At issue are the private contracts between groups of people called "herd shares". In these contracts a group of people buy a herd of dairy animals and pay a farmer to milk them. They then share in the dairy products produced by their animals. These are not simple contracts and the people who enter into them know the implications and long-term commitments they are making. They are not guaranteed specific production - what they get is dependent on what their animals produce based on feed, time of year, and health of the animals. The only difference between this arrangement and owning one animal youself is that the group of investors is paying someone to board and milk the animals.

Boarding animals is not illegal - you can board dogs, cats, and horses rather readily in any city. Is it so strange that someone might board a goat or cow?

Paying someone to milk your animal is not illegal. I would venture to guess that EVERY large dairy has at least one employee that helps with milking. This is exactly the same type of relationship herd share owners have and its not illegal.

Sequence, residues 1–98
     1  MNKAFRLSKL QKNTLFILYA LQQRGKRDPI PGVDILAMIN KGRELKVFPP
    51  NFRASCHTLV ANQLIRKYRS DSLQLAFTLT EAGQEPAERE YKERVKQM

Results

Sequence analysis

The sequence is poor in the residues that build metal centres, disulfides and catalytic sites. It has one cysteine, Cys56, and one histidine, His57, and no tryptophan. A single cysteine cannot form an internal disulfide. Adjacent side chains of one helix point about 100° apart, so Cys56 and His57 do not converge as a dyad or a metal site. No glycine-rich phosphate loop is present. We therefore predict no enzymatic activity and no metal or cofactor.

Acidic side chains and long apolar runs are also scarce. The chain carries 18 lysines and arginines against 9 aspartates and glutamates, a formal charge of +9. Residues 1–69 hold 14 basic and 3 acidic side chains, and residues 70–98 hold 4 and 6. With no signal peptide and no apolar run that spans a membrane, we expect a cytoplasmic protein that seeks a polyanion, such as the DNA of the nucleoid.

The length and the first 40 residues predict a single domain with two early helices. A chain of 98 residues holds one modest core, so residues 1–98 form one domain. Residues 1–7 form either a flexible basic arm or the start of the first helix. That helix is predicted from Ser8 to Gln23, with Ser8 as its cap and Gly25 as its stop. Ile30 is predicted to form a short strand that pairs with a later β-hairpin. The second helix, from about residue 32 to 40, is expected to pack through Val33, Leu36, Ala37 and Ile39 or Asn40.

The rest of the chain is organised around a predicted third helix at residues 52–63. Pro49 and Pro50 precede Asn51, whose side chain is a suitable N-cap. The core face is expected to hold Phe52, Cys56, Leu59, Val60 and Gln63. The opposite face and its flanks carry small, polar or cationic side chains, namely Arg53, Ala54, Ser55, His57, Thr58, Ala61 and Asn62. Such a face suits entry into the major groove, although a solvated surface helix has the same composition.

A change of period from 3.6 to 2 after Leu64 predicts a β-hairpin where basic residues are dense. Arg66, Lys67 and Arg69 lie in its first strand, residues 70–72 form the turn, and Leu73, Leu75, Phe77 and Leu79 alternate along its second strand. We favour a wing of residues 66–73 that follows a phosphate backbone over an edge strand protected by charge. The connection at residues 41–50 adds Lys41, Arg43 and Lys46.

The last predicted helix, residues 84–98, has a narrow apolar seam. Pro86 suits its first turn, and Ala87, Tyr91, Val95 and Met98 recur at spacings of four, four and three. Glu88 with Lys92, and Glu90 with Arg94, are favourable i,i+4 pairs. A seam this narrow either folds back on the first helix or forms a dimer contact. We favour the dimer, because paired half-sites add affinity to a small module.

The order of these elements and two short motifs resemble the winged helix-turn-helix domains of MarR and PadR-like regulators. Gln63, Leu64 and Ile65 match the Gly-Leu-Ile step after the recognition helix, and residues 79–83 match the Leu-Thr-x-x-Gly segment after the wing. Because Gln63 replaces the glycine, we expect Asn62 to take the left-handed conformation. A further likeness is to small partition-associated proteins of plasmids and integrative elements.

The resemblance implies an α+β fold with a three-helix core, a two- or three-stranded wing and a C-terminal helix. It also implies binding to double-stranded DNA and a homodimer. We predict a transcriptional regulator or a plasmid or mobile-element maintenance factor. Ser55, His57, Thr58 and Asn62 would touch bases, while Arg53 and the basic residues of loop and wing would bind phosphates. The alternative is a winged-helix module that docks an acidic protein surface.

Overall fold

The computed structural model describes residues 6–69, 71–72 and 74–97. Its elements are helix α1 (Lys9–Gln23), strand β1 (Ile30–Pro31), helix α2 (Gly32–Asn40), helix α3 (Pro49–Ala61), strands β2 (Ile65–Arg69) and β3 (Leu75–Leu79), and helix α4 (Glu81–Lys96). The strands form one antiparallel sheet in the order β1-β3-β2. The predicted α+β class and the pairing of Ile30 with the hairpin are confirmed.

The CDFA says that participating in a herdshare is just a way of getting around dairy laws. But having your own animals and getting their milk for your own purpose is very different than providing milk into the commercial milk supply chain. If you were to accept the CDFA argument it would mean you could not milk your own goat without a Class A dairy license.

Read more about the issues being faced in California at: and

Backdoor attempt to shut down small farmers

Sometimes I feel like I am in the Twilight Zone. Or that government officials have given up all logical thought and reason. It seems the Michigan Dept of Natural Resources is poised to declare feral hogs an "invasive species" with dire consequences to farmers who pasture their hogs!

Read the full article here:

Sunday, January 8, 2012

Another Government Agency Gone Crazy

Many of my liberal friends like regulations. And in their intended form and with practical implementation I would agree that some regulations are important. But most regulations have gone way too far and have become a way for government to remind us that they run things. A way to impose their will even if it is not for the general good.